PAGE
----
I know lots of people relocating to Phoenix for the winter....they're all retired. They all have purchased property...hence contributing to the population growth. BUT, they kept their homes in the Rust Belt for the rest of the year. I love Phoenix, but it's not sustainable, and that will be a big deal in the future.
What a ridiculously faulty assumption on all counts.
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Old 12-20-2018, 07:12 AM
 
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Quote:
Originally Posted by AZLiam View Post
What a ridiculously faulty assumption on all counts.
Well, I know these people, so whether you think it's "faulty" or not, doesn't matter. You don't think snowbirds buy property? As far as being sustainable....a huge city in the desert that keeps growing, will run into a water problem in the not too distant future...that's inevitable.
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Old 12-20-2018, 07:20 AM
 
Location: Phoenix
5,648 posts, read 7,453,193 times
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Quote:
Originally Posted by Enean View Post
Well, I know these people, so whether you think it's "faulty" or not, doesn't matter. You don't think snowbirds buy property? As far as being sustainable....a huge city in the desert that keeps growing, will run into a water problem in the not too distant future...that's inevitable.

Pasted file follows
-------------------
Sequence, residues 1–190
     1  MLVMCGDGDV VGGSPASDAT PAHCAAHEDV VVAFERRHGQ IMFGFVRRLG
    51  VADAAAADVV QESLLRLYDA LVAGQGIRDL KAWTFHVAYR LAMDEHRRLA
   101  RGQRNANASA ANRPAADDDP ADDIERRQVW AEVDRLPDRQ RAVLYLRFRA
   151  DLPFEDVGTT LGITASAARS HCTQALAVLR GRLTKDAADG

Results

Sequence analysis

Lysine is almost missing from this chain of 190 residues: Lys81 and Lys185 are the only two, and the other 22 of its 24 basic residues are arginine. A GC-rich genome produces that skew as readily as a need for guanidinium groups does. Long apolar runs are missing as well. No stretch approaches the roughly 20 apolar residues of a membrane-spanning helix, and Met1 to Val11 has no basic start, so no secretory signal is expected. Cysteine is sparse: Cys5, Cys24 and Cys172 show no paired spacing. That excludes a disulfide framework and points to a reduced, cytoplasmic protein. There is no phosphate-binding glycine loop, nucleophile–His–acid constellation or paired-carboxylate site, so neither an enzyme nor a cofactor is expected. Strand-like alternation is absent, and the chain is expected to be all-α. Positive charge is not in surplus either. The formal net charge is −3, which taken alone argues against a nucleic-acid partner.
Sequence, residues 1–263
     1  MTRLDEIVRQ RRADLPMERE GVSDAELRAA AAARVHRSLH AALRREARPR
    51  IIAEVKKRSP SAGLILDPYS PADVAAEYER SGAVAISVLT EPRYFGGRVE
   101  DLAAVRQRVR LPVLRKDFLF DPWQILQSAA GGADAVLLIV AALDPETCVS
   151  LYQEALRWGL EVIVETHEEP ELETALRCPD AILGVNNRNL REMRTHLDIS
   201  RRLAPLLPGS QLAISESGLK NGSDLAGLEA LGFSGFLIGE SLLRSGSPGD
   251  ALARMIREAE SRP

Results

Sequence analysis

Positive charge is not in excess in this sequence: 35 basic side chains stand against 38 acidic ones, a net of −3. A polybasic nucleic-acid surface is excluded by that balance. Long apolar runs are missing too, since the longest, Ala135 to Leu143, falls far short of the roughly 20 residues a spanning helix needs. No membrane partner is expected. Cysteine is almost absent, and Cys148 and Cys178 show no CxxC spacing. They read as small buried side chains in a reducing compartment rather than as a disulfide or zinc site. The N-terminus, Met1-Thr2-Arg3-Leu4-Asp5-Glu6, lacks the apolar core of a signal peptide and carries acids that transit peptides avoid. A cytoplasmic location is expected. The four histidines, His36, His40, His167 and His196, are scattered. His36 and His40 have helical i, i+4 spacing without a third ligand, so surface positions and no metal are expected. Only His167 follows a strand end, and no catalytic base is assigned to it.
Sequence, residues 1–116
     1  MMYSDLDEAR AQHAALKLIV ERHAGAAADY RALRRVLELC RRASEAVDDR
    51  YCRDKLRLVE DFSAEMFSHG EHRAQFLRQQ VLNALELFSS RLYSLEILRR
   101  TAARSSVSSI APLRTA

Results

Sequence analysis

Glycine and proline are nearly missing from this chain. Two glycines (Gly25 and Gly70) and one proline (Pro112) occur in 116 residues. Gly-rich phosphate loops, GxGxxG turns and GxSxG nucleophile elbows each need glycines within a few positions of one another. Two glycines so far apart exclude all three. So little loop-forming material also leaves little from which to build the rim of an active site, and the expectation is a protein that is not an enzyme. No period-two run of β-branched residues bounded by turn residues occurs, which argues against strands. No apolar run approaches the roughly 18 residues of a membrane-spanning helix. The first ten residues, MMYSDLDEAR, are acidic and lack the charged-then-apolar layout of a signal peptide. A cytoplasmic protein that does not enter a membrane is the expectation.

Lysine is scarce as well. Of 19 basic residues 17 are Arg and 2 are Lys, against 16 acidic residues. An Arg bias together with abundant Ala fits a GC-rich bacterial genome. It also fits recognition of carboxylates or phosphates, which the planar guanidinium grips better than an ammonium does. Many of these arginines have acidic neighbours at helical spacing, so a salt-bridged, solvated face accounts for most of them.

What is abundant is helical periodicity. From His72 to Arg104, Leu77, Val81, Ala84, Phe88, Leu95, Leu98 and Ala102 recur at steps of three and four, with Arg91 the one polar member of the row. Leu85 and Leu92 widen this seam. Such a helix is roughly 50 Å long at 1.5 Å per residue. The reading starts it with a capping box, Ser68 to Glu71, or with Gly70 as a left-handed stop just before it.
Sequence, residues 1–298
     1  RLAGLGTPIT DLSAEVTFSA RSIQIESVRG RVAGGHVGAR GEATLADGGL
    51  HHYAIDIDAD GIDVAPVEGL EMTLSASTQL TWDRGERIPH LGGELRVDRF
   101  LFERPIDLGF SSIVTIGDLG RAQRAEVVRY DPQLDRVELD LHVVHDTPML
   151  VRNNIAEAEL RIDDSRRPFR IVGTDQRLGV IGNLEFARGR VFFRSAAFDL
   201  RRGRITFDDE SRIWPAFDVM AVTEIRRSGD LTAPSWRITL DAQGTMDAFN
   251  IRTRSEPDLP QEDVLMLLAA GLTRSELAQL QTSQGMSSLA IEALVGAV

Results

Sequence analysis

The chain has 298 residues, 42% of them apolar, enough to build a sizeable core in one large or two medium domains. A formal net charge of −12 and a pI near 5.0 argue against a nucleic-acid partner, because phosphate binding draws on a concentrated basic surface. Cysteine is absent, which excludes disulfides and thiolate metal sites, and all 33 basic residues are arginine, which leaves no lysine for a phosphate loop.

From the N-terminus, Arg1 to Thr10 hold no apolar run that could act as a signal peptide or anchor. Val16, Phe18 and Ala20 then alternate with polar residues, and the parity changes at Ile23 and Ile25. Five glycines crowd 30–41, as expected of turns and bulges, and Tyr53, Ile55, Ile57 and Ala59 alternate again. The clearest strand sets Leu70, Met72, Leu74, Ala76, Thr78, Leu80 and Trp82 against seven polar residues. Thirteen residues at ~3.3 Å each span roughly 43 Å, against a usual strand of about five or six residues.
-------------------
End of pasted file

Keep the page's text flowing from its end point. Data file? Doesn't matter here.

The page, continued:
I apologize...I read your statement as knowing THAT lots of people are relocating to Phoenix, not knowing lots of people...

In any case, there are quite a few places in the country that will run into water issues in the not too distant future before Phoenix will.
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Old 12-20-2018, 10:02 AM
 
11,177 posts, read 22,384,826 times
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Quote:
Originally Posted by btownboss4 View Post
For the past 8 years the inflow of young professionals has been enough to keeps Chicago in the black in terms of Population, so the general dynamic hasn't changed but the balance may have.
Yeah, when you shake it down the huge demographic change has been the large loss of black people from within the city. Their numbers are completely crashing, far more than the replacement by increasing white, hispanic and asian populations.